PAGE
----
Never before have we experienced such a crazy year! Personally, I’m happy to put it behind us and start afresh. I mean really, pretty much everything that could go wrong, went wrong.
This global pandemic has rocked the world in ways none of us ever imagined. With the distribution of vaccines, everything will start to turn back into something more normal. Our brave new world won’t ever be quite the same.
This isn’t a political commentary; rather, how do we heal and rebuild our social connections. Everyone’s hurting and recovering our relationships will feel strange and awkward. As Winston states “it is the courage to continue that counts”.
Our Social Connection Dilemma
We’re social beings and don’t flourish well in isolation. To remain safe and healthy, the public health authorities have pleaded with us to stay home. This has resulted in many people feeling isolated and socially disconnected.
Collectively, we’ve all suffered over the past nine months. The most high-risk groups include the elderly and those with underlying conditions. Yet, we’re hearing how this virus strikes even young, healthy people.
As the infection and death tolls explode, uncertainty and anxiety increase. We all have different coping mechanisms to deal with it. I’m not sure if there’s a right or wrong way as each situation is different.
COVID fatigue is an example of how we’ve become so overwhelmed with all the bad news, that, overtime, we’ve become desensitized. This has caused us to lower our guard because we just crave some normalcy. The desire to spend some time with family or friends and rebuild our social connections begins to outweigh the risk.
In spite of the authorities requesting all non-essential travel stop, the airports were packed over Thanksgiving and Christmas. Understandably, we all want to be with family. However, are we putting them at risk, even if we're being careful?
Another coping mechanism for some is they stay in “lock down” mode. There are people that haven’t left their homes since March!! With the marvel of the internet, all their groceries, prescriptions, or anything else they want or need can be ordered and delivered right to their door. If these habits continue, there’s a risk of feeling socially isolated.
Your Spouse / Partner
“Cabin fever” became a real thing in 2020. After so much time together, even happily married couples begin to feel the strain. Our article, will your marriage survive retirement, goes into some of the challenges many couples work through and that’s under normal circumstances.
Especially now, you’ll want to be extra kind to each other. Arguing or bickering over trivial matters only make things worse. Instead, realize this is a stressful time for everyone and be supportive.
Pre-pandemic, date night might’ve been going out for dinner and a movie. Probably not in the cards for a while. Maybe you could plan and prepare a romantic meal together. Another option might be renting a good movie complete with popcorn.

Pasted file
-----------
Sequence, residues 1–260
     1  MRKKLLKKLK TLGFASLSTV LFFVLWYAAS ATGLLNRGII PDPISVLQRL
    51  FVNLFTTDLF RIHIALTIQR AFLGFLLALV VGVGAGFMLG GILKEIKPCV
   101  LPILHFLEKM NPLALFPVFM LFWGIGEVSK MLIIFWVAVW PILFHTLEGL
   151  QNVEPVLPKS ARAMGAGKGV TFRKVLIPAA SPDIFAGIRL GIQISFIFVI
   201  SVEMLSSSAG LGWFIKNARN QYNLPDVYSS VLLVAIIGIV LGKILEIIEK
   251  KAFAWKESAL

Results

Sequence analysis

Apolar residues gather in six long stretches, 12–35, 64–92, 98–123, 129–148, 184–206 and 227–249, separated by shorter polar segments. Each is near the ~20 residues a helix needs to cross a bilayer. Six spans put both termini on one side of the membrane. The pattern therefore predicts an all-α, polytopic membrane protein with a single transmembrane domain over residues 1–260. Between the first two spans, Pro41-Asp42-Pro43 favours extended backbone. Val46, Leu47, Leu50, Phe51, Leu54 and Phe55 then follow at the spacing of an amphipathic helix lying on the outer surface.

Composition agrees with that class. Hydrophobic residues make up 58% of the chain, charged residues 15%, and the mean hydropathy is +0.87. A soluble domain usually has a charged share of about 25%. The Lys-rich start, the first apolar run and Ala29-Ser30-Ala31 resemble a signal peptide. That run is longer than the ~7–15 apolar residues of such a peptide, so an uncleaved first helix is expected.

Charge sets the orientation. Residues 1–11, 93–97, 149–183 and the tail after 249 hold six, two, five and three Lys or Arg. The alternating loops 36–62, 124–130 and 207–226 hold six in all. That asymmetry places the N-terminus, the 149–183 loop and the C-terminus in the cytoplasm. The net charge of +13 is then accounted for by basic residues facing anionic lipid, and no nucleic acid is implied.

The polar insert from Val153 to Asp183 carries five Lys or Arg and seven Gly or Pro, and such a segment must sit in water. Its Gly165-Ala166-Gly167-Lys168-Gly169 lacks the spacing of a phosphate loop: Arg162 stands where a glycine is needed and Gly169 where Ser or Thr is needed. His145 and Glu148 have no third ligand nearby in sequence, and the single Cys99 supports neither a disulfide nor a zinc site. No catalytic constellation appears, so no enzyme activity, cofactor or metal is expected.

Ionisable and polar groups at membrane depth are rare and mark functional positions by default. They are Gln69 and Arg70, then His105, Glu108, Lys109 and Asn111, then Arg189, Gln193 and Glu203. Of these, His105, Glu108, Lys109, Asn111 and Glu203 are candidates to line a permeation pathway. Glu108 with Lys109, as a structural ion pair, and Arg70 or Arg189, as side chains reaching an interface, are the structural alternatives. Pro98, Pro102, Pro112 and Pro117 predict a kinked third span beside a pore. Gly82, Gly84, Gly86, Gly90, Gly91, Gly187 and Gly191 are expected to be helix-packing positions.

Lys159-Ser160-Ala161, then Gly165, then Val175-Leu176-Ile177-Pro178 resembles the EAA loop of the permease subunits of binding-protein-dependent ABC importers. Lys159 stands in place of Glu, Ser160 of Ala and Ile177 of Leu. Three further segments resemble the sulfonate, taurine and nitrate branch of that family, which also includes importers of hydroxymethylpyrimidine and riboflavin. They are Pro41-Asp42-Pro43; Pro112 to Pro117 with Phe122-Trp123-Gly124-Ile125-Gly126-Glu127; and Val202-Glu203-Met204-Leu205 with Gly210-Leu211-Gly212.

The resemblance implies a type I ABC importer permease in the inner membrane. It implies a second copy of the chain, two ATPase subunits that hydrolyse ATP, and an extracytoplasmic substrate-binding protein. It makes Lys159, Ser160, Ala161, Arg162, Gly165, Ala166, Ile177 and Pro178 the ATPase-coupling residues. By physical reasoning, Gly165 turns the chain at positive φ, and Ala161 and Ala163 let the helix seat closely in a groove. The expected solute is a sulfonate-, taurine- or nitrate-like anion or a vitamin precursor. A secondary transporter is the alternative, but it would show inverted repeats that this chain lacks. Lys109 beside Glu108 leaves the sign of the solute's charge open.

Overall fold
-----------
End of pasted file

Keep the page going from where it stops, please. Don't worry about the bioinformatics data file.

This is also where respecting each other’s personal space provides some separation. Whether it’s pursuing a hobby, reading a book, or whatever else interests you.
Elderly Parents / Family
Perhaps the saddest part is the elderly and vulnerable who don’t understand this pandemic. We have a family member who doesn’t grasp why we’re not visiting as often. When we visit, we’re wearing masks, socially distancing, and not sharing a meal like we used to. She doesn't get it and wants things to go back to the way they were. So do we!!
This is further magnified in long-term care and assisted living residences. Many have gone into, and remain in, near total lockdown. Fritz at The Retirement Manifesto posts "A Life in Quarantine" sharing a poem commemorating the plight of his father and so many seniors. Far too many of the “Great Generation” have been treated like prisoners in solitary confinement.
How will we ever restore their trust in us and rebuild our social connections? Each of us needs to do our best to remain in touch. These are difficult times that will get better. Again, it becomes a balancing act between safety and isolation.
How’s your extended family coping with everything? We spoke with Shannon’s cousin and 97-year-old aunt over the holidays to check how they were doing. It was so nice hearing their voices. They’re in good spirits and being ultra cautious.
With so much disruption out there, most families have hunkered down. If you have sons or daughters, they might be at their wits end. Possibly they’re working from home while trying to home school at the same time. Some may have been furloughed or laid off and scrambling to make ends meet.
More than ever, we need to keep in touch. While physical visits may not be realistic, we can always call. Maybe even better would be to make a “zoom” call. Especially when it comes to grandchildren. We all know they grow up way too fast.
We haven’t seen our friends in far too long. Back in the summer we were able to get together with a few of them outside in a safe, socially distanced manner. With the increased community spread and colder weather, it’s not possible anymore.
Still, we make the effort to keep in touch whether it be a call, texting, or Face Book. Everyone is dealing with this stuff as best as they can. Some of us are hurting more than others, especially those that are highly social.
What I miss most is not being able to get together with my dearest friends. I just want to be able to give them a hug!
Closing Thoughts on How to Rebuild Our Social Connections
Everyone is hurting to some degree. Loneliness and feelings of social isolation are rampant. Granted, everything will start to improve once a lot of people receive the vaccine. Until such time, it’s more important than ever to reach out and give a virtual hug to those you care about.